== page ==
Cyber Programs - Inherent Academic Requirements | UniSC | University of the Sunshine Coast, Queensland, Australia

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Cyber Programs - Inherent Academic Requirements

Committed to equity and diversity

At UniSC, we are committed to facilitating the integration of all students into the University Community.

Reasonable adjustments in teaching and/or assessment methods can be made for students provided those adjustments do not compromise the inherent requirements of the program.

The inherent academic requirements of the Graduate Certificates in Cyber Security, Investigations and Forensics, and the Master of Cyber Investigations and Forensics are the fundamental skills and abilities that the student must be able to achieve in order to demonstrate the essential learning outcomes of these Cyber degrees.

This Statement provides realistic information about the inherent academic requirements that you must meet in order to complete your program and graduate. Make sure you read and understand the requirements for your Cyber degree so you can make an informed judgement about your ability to fulfil them.

Skills you need 

The Cyber programs have inherent academic requirements in three categories:

  • Communication skills
  • Behavioural and social skills
  • Intellectual, such as conceptual, integrative and quantitative abilities 

Before you enrol

If you intend to enrol in a Cyber degree at UniSC, look carefully at the inherent academic requirements listed in this statement and think about whether you might experience challenges in meeting them.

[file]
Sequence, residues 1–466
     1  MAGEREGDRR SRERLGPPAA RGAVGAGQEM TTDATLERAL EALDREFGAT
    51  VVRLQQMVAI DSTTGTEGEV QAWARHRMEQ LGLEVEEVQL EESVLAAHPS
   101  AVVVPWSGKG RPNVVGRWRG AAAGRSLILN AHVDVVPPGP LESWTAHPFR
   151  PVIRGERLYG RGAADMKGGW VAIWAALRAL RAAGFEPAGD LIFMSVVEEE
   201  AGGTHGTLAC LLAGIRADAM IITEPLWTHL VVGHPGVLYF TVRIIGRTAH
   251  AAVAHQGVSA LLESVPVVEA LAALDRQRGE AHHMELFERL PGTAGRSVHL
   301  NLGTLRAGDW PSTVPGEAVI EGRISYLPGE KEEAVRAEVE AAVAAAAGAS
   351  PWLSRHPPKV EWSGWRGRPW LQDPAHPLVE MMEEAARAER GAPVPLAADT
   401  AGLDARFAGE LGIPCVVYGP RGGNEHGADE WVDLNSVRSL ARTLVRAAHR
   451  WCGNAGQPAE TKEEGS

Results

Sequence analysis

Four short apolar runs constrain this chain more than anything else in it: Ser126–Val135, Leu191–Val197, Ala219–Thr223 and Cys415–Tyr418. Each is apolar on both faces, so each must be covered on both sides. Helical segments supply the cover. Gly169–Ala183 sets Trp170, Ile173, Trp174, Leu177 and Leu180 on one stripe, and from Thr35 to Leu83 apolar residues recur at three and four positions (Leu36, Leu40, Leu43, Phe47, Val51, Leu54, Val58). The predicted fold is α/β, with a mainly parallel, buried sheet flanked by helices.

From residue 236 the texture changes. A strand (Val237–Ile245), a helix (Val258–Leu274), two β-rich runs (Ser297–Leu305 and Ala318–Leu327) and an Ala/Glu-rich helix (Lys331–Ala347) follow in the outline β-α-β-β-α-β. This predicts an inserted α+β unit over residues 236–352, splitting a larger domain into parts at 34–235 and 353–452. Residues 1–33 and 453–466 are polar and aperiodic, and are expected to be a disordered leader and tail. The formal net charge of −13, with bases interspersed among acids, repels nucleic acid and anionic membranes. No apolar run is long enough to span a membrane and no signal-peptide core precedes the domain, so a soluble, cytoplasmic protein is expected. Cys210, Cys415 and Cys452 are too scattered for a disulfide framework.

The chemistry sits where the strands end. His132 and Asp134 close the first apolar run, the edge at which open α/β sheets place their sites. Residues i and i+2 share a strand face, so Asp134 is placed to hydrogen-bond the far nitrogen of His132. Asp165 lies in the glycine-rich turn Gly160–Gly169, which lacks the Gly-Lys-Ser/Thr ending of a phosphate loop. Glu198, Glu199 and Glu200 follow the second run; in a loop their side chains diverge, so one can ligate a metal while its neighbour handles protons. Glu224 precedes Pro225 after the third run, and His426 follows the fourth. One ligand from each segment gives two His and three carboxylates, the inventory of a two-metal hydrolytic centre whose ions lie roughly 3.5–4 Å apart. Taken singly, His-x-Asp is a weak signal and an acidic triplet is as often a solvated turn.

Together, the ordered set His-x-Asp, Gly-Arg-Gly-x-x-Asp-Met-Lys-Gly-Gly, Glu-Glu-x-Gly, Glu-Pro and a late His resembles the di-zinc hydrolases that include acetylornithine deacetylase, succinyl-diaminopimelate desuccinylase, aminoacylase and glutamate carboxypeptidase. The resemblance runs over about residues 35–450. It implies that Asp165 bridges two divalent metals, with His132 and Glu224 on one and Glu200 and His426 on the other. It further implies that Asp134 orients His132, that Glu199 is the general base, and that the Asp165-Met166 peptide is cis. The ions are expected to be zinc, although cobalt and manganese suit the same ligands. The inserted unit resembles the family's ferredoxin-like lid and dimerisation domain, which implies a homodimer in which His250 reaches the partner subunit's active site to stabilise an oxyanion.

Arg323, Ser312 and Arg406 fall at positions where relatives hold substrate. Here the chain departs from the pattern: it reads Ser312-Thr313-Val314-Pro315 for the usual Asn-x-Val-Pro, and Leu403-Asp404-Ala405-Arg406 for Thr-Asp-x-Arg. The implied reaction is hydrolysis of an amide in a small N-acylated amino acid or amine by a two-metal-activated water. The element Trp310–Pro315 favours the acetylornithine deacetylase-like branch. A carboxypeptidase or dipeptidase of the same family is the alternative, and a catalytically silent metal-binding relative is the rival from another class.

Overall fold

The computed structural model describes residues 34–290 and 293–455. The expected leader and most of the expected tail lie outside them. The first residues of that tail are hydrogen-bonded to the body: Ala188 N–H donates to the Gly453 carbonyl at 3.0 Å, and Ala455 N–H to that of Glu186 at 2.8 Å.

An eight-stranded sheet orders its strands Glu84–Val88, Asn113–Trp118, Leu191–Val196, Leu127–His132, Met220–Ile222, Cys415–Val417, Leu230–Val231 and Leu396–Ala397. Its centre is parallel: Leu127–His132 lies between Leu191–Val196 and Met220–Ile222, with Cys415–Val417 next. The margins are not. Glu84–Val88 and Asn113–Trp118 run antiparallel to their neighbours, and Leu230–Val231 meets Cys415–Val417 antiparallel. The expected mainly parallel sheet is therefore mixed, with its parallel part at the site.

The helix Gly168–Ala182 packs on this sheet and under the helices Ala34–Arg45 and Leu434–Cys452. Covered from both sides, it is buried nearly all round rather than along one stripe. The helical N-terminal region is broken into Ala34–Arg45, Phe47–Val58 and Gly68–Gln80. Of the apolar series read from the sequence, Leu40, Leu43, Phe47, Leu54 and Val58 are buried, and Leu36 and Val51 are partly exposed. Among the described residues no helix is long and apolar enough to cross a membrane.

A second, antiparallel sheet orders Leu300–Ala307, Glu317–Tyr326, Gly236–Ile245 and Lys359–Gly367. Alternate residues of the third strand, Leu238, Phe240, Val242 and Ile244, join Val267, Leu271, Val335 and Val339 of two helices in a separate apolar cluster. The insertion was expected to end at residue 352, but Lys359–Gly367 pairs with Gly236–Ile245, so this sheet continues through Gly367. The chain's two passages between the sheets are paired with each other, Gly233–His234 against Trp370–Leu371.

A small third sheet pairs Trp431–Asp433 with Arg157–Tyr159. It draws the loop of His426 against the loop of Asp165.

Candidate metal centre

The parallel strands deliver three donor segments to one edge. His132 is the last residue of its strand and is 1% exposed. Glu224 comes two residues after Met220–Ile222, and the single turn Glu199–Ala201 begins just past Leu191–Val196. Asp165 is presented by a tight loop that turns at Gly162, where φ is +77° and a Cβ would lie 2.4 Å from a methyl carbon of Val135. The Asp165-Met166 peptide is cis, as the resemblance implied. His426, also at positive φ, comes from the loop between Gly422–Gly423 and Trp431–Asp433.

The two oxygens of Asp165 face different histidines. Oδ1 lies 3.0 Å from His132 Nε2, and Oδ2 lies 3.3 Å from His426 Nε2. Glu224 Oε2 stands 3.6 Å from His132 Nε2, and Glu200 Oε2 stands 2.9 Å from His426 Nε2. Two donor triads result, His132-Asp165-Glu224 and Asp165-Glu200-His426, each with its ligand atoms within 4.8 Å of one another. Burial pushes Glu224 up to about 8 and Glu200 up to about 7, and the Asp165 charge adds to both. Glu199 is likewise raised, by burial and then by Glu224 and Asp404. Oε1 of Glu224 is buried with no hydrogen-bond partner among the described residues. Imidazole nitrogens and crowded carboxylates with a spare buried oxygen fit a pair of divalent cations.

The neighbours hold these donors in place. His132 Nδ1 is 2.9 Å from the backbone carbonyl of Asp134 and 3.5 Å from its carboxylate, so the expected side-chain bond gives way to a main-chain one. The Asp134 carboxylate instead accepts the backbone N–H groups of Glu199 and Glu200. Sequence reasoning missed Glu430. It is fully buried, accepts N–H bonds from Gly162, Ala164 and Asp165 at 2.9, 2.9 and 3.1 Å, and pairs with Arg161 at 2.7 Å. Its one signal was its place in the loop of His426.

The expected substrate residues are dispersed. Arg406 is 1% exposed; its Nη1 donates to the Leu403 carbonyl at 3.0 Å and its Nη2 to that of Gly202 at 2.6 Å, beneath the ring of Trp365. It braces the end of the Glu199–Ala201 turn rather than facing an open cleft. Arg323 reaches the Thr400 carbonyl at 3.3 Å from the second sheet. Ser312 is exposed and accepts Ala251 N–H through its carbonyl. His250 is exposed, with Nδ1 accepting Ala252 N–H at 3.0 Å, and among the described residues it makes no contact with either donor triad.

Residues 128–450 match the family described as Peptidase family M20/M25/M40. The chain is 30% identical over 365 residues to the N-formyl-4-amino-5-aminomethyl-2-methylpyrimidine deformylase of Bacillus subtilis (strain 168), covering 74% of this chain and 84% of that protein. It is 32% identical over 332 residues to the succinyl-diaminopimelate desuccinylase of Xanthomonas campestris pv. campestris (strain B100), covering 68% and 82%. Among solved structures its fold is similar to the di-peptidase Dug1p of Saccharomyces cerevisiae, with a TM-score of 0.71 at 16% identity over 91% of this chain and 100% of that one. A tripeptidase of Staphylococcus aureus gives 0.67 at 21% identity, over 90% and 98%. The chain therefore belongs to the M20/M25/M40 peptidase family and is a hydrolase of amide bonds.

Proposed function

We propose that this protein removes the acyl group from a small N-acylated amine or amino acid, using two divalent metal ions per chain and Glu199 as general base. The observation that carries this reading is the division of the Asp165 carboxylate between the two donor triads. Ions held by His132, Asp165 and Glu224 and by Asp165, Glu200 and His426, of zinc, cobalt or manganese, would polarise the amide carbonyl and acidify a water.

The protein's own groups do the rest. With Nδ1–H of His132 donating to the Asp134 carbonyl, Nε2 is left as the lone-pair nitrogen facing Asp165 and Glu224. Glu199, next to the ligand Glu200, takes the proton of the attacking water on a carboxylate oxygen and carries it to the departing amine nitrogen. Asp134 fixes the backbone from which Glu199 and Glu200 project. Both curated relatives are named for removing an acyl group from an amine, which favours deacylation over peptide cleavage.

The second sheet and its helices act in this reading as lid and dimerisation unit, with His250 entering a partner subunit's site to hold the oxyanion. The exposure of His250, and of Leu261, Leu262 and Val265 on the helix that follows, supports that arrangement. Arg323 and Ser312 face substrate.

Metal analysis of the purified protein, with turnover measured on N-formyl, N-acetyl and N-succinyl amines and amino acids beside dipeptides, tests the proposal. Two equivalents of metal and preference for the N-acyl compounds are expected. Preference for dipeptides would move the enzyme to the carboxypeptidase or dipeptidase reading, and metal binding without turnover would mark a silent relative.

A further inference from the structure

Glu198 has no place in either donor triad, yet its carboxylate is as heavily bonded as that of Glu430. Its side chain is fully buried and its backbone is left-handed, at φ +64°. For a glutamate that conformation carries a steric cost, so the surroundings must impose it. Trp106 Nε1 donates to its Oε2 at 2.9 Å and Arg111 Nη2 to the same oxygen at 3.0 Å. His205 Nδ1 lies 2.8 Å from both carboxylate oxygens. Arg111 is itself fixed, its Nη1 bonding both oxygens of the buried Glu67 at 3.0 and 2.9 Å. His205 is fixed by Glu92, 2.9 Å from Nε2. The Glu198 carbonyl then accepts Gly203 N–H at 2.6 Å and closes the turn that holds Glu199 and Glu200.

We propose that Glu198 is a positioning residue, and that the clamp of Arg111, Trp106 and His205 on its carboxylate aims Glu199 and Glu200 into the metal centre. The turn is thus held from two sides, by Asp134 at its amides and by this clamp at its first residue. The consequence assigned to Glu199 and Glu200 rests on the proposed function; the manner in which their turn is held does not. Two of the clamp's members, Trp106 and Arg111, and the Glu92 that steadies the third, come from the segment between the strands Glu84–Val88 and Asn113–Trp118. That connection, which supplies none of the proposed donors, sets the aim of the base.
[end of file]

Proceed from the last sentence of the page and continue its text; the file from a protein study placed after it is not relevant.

If you think you might experience challenges related to your disability, health condition or for any other reason, you should discuss your concerns with a University Ability Adviser or Program staff member.

Reasonable adjustments

Students with disabilities or other special circumstances may be provided with reasonable adjustment to enable them to meet the inherent academic requirements of the Cyber degrees if the adjustment is:

  • logistically reasonable
  • likely to result in the student being able to perform the skills adequately and in a timely manner.
Support and further information is available from UniSC

Communication skills

  • Verbal and non-verbal communication skills
  • Written communication skills
  • Information and Communication Technology (ICT) skills
Verbal and non-verbal communication skills

Students must have the capacity to demonstrate:

  • an ability to communicate, and to understand accurately verbal communication in English, and respond verbally, in English, to a standard that allows fluid, clear, timely, and comprehensible two-way discussions